Barbara O'Neill, Ph.D., CFP®
Extension Specialist in Financial Resource Management
Rutgers NJAES Cooperative Extension
From time to time, you may receive a financial windfall. Perhaps it is an income tax refund or, in some states (e.g., New Jersey), a property tax rebate. Other common windfalls are retroactive pay or a year-end bonus at work for a job well done. Or you may receive a cash gift, inheritance, award, or prize.
While the temptation to spend windfalls is often great, this money can be a wonderful way to jumpstart your future financial security. For example, instead of saving $20 a week for 50 weeks to accumulate $1,000, a windfall would provide this money all at once. Therefore, windfalls can be thought of as "small steps to wealth on steroids" because they provide a significant "chunk of change" all at once.
Below are five ways to use your windfall wisely:
First, pay off high interest credit cards. These are the greatest threat to your financial well-being. If you are like the average consumer, you probably have a number of creditors. Pick the debt with the highest interest rate, or choose any credit card that charges interest based on a two-cycle average daily balance, and use your windfall to pay it off or at least make a big dent in what you owe.
Second, create an emergency fund. Many households don't have one. According to the U.S. Department of Commerce, the U.S. savings rate is at its lowest level since the Great Depression. There are several theories on how much you need in an emergency account. If your job is one where you might expect layoffs or downsizing, then you need to have more set aside. Think about how long it will take you to find a new job. How long could you survive financially on your current savings? Having from 3 to 6 months' living expenses in savings is a good idea and your windfall will get you there faster.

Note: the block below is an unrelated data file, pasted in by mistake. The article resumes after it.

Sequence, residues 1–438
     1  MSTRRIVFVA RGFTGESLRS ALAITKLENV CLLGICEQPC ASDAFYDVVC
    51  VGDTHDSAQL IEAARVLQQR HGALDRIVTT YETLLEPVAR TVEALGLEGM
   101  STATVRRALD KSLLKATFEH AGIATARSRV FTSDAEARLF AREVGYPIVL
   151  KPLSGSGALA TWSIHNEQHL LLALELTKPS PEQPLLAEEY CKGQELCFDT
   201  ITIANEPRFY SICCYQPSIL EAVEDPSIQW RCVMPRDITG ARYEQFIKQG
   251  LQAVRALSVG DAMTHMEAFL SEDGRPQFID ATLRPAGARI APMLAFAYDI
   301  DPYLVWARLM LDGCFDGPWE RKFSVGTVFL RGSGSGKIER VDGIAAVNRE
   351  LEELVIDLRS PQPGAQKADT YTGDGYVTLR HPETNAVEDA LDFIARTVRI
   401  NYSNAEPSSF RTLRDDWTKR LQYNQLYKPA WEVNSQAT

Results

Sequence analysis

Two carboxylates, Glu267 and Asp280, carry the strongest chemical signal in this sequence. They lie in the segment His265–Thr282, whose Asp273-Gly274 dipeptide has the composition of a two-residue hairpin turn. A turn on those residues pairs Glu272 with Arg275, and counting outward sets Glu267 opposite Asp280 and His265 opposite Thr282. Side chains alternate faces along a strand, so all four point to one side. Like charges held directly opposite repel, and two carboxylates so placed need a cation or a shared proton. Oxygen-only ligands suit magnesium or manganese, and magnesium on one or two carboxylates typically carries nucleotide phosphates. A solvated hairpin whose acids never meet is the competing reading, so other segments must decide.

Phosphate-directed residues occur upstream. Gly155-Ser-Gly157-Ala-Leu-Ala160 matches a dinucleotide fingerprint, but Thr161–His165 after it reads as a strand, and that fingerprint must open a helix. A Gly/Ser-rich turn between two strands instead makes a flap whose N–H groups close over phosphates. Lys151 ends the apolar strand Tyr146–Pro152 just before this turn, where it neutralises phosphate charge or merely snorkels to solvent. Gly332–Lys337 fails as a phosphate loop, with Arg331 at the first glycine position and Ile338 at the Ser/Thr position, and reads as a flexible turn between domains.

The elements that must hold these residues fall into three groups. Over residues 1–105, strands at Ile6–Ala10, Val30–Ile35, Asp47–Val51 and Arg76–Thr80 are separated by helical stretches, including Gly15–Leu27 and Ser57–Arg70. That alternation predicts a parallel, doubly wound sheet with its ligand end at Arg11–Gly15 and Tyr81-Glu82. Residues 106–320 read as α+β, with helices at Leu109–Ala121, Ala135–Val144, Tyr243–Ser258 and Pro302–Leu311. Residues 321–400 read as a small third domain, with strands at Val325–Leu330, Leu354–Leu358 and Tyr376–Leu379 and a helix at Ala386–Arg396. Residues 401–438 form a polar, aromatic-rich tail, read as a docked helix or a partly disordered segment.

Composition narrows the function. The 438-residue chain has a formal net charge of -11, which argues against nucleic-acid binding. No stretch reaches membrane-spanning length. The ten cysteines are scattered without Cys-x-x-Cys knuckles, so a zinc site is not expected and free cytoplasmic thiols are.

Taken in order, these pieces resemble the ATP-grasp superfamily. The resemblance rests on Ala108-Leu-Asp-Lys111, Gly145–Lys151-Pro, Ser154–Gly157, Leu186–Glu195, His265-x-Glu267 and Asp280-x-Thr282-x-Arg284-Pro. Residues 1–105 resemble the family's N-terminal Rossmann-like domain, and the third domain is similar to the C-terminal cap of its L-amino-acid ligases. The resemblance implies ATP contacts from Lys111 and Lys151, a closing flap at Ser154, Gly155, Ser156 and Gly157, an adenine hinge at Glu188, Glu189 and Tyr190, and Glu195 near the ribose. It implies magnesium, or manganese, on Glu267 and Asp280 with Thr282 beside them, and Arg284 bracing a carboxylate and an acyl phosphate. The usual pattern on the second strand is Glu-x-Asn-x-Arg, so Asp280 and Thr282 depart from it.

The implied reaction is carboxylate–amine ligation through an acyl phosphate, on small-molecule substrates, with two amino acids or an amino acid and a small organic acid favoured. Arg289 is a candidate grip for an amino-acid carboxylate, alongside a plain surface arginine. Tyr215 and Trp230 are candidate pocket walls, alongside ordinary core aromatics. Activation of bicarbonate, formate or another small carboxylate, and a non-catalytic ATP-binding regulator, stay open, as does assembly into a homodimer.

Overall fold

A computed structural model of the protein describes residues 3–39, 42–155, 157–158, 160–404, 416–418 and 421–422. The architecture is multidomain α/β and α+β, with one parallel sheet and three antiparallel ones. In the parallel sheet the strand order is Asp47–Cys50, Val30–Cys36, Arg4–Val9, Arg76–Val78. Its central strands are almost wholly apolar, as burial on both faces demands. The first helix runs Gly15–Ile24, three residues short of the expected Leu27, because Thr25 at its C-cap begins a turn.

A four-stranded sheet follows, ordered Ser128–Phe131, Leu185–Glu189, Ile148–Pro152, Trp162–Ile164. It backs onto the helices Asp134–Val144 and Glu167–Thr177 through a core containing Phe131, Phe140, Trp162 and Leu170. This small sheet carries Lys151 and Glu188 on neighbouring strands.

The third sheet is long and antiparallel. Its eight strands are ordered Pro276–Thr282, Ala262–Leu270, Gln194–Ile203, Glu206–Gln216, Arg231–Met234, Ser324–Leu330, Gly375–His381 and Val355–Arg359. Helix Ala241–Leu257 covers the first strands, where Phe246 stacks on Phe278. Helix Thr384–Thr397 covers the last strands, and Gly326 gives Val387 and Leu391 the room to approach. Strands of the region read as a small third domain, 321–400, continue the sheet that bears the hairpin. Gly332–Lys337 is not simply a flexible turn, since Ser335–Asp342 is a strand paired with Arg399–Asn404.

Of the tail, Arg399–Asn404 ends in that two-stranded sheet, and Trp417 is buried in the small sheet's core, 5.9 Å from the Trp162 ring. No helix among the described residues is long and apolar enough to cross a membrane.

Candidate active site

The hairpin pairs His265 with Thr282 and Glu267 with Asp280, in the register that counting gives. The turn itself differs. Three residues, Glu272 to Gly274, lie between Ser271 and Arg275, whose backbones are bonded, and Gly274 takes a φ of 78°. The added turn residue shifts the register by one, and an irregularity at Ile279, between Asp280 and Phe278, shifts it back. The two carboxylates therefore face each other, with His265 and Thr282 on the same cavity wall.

Third, save for retirement. Assume that you receive a $2,000 windfall annually from one or more sources. That $2,000 per year can be your ticket to financial security, especially if you start saving early. For example, if you're 25 and you earn an average 10% return, the $80,000 (40 years x $2,000) that you save will turn into a million dollars for your retirement. Place your windfall in a tax-deferred Roth or traditional IRA to maximize its growth. Another strategy is to use the windfall to create a "paycheck" back to yourself (i.e., regular withdrawals) to offset increased payroll deductions to an employer 401(k) or 403(b) plan.
Fourth, invest your windfall in yourself. Taking a college course or other skill-enhancing program (e.g., computer training) could increase your earning capacity for years to come. Economists call this your "human capital." Think of this use of your windfall as "the gift that keeps on giving" because education is something that is always a part of you. The more education and training you have, the more attractive you are as an employee in your current job or a new one.
Finally, consider opening a mutual fund account with your windfall. Once you make the initial required deposit with windfall funds, subsequent deposits will probably require much less. For example, a mutual fund might require $1,000 to open an account but only $50 or $100 for subsequent deposits. For further information about investing, visit the Rutgers Cooperative Extension Investing For Your Future Web site at www.investing.rutgers.edu and personal finance website at www.njaes.rutgers.edu/money.
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